Pathogenesis of Cryptococcus neoformans

Erin E. McClelland, Arturo Casadevall, Helene C. Eisenman

Research output: Chapter in Book/Report/Conference proceedingChapter

8 Scopus citations


Cryptococcus neoformans (Cn) is a fungal pathogen, commonly found in urban environments (Tampieri, 2006) that primarily affects immunocompromised individuals through inhalation of spores. In healthy individuals Cn infection is usually cleared, or can remain in a latent form for prolonged periods of time. However, in individuals with impaired immune function, the infection may spread to the central nervous system (CNS), causing life-threatening meningitis (Casadevall & Perfect, 1998; Hull & Heitman, 2002). Thus, the disease is relatively common in AIDS patients. A recent study shows that the prevalence of cryptococcosis has declined with the increasing availability of highly active retroviral therapy (HAART) to treat HIV (Lortholary et al., 2006; Mirza et al., 2003). However, the disease continues to be a problem for those with limited access to HAART, especially in the developing world (Banerjee et al., 2001; Marques et al., 2000). Another group of individuals who are susceptible to cryptococcosis are organ transplant recipients receiving immunosuppressive therapy (Husain et al., 2001; Vilchez et al., 2002). However, cryptococcosis is not limited to immunocompromised persons, as shown by the recent outbreak in Vancouver among healthy individuals (Hoang et al., 2004).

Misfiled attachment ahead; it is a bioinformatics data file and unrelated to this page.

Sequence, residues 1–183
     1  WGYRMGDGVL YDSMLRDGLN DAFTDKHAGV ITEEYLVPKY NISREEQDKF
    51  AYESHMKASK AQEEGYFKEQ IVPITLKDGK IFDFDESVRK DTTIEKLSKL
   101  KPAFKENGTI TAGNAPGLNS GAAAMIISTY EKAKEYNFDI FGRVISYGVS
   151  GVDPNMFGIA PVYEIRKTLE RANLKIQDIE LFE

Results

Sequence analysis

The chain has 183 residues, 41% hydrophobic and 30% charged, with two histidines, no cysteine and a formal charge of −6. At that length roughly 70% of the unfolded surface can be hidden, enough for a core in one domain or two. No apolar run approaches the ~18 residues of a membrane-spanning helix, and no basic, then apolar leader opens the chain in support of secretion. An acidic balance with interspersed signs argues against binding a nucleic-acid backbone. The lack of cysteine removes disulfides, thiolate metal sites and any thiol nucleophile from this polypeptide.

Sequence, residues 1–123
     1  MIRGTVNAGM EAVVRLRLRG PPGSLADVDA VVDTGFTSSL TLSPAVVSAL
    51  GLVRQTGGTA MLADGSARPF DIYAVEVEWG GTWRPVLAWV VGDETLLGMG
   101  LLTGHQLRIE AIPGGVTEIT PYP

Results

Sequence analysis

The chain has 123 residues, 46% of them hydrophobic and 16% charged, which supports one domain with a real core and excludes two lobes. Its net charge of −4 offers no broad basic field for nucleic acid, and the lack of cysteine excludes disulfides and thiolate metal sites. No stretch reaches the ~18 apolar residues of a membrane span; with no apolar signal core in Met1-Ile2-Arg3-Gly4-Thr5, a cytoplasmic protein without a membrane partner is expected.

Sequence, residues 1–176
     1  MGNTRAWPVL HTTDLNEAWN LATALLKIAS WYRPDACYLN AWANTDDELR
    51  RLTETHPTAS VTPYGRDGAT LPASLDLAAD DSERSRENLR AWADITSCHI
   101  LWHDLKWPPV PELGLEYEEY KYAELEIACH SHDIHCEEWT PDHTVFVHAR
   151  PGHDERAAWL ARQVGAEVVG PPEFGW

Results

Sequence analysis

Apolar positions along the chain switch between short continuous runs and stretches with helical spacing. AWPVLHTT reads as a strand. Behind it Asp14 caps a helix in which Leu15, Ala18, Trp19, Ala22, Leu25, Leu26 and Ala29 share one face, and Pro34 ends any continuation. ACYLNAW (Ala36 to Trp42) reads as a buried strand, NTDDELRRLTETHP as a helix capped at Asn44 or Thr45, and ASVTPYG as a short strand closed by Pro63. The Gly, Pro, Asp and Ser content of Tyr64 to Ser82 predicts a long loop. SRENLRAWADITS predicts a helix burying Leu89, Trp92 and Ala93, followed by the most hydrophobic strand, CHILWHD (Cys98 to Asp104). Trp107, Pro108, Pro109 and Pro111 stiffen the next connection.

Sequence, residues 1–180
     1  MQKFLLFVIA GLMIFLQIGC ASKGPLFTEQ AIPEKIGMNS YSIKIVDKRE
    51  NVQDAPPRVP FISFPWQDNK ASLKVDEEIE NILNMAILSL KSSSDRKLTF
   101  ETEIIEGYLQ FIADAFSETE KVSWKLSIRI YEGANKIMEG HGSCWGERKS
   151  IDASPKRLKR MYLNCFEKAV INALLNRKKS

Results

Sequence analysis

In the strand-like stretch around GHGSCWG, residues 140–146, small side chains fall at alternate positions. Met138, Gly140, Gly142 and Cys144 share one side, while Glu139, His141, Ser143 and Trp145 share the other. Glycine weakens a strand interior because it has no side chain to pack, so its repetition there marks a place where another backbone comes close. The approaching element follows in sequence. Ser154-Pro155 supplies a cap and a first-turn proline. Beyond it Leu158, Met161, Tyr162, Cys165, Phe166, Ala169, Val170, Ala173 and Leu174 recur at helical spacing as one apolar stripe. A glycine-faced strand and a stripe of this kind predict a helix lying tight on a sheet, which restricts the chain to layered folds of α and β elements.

Original languageEnglish (US)
Title of host publicationNew Insights in Medical Mycology
PublisherSpringer Netherlands
Number of pages27
ISBN (Electronic)9781402063978
ISBN (Print)9781402063961
StatePublished - Jan 1 2007
Externally publishedYes

ASJC Scopus subject areas

  • Medicine(all)
  • Immunology and Microbiology(all)


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